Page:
“Spem in Alium,” Thomas Tallis (Performed by The Tallis Scholars)
A gigantic 40-part motet, Spem in Alium—really for five choirs of eight voices—is a tour de force. It creates the effect of a river of sound akin the river of voices that encompass the polyphonic sections of the book. The harmonic framework permits for multiple contrasts: the individual voices of the characters narrate and are silent in turns, sometimes alone, sometimes asking and answering, sometimes all together.

“Ready to Go,” Republica
“You're weird, in tears, too near and too far away.” That is how The Old Sister, a character ready to go, feels about her life as a cheesemonger in the small villages of the Roya valley. She’s strange and insane—two things she can never change. Butt-lipped, she’s ready to go.

“Caminante No Hay Camino,” Joan Manuel Serrat
The lyrics in this song were composed by Antonio Machado, the best Spanish poet of the Generation of ’98. For Machado, poetry is a daydream; life is a permanent attitude of watchful vision with open eyes. Readers can frequently discover in his poetry an ecstatic mood. And ecstasy is precisely the mood of The Fat Poet, a character who sources words out of thin air under a moon impossibly white.

“Ana Na Ming,” Salif Keita
Inside a ruined stone house, The Striped Tunic lies down next to Nadya and tries to console her. She has suffered a brutal affront. This song of painful yearning captures the sentiment: “The river is crying / It’s making noise.” Sometimes it is even better if you don't know what the lyrics are about.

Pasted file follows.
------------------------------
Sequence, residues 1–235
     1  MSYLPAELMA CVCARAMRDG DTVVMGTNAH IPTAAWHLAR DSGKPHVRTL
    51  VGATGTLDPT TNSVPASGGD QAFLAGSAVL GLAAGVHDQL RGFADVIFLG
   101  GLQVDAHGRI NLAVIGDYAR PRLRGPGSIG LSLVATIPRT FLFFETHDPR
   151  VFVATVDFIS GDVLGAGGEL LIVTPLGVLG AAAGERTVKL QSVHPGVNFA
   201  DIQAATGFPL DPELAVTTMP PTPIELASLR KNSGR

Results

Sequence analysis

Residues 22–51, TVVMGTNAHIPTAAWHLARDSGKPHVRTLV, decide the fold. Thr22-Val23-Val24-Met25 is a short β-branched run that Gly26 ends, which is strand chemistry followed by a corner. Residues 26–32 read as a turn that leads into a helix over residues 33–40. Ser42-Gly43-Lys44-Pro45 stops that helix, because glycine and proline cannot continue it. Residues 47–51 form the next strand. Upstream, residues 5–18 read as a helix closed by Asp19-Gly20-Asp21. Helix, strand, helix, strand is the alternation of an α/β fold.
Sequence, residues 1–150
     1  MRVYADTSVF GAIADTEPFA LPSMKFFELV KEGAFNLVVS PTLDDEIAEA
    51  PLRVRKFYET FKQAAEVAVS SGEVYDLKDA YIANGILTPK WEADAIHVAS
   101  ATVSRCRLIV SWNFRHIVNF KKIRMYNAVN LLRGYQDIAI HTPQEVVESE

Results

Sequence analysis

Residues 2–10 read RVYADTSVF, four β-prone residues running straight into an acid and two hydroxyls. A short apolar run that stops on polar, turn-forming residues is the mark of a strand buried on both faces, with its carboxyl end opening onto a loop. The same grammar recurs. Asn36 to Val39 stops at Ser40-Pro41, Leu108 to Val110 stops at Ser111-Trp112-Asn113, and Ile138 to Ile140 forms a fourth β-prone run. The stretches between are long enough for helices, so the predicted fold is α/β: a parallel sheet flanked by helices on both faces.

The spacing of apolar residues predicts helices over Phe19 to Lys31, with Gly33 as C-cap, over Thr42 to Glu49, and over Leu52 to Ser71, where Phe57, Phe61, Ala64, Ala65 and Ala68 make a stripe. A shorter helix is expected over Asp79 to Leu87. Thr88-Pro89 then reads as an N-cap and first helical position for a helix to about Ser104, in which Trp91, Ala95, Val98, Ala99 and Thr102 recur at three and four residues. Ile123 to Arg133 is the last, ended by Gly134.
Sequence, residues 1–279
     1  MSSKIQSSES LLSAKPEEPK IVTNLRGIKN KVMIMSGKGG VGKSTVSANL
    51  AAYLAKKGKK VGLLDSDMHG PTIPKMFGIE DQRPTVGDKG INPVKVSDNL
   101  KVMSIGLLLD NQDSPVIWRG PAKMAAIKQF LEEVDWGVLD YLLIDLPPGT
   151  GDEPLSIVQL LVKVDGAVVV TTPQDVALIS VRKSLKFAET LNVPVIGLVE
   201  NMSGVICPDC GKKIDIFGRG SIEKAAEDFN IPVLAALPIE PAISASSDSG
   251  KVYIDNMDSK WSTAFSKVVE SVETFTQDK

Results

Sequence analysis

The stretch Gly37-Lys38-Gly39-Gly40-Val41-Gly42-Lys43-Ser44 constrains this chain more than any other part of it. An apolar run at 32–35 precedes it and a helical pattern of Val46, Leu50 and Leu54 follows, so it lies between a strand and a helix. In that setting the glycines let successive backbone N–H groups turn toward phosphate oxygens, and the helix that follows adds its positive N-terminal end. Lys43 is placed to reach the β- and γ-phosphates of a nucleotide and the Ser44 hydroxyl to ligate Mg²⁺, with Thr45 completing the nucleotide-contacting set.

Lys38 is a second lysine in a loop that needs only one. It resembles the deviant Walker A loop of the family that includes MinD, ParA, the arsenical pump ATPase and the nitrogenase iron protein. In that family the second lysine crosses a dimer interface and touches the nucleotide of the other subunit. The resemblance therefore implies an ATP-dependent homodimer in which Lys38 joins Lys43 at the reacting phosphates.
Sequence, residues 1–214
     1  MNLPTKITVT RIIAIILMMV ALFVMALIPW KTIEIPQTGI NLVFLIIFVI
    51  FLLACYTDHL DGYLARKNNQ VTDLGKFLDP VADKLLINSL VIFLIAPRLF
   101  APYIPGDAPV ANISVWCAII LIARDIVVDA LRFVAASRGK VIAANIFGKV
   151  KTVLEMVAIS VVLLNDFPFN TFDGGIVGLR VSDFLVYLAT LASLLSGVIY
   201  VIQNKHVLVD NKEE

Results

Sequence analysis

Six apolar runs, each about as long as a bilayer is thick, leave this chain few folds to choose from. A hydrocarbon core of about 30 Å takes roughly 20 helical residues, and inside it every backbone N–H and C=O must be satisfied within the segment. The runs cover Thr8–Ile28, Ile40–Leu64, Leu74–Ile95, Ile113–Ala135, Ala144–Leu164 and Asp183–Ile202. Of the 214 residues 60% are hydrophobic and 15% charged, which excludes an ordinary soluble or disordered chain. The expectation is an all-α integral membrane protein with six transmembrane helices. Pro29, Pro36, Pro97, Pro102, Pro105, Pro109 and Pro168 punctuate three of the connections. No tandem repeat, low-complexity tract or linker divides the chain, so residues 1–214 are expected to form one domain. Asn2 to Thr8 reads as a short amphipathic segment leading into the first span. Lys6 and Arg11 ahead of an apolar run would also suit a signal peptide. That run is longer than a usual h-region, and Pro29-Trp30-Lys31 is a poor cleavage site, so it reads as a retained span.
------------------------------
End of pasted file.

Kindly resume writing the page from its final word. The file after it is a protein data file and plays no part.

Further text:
“String Quartet No. 3 (Blood Oath),” Philip Glass (Performed by the Kronos Quartet)
The introspective nature of the string quartet articulates the dramatic moment when Didier tries to wash away traces of blood left by Nadya at the Fontane de Mèdge. He scrubs hard, harder, he does not want her stains. The elusive repetitiveness of the harmonic progressions, where subtle shifts continually occur, alternating between pulsed chords and rich polyphonies, depicts very well Didier’s state of mind.

“The Beatitudes,” Vladimir Martynov (Performed by the Kronos Quartet)
This setting of “The Beatitudes” employs techniques that might be described as "minimalist”—two string soloists alternate a pentatonic melody, while the other strings sustain a seemingly eternal, scarcely changing chord—evoking an atmosphere of timelessness. This is what happens the book’s conclusion, when The Striped Tunic enters the waters, the deepest part of his past, the roar of the river.

Jorge Armenteros and The Roar of the River links:

the author's website
excerpt from the book
excerpts from the book

TNBBC's The Next Best Book Blog essay by the author

also at Largehearted Boy:

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Book Notes (2015 - ) (authors create music playlists for their book)
Book Notes (2012 - 2014) (authors create music playlists for their book)
Book Notes (2005 - 2011) (authors create music playlists for their book)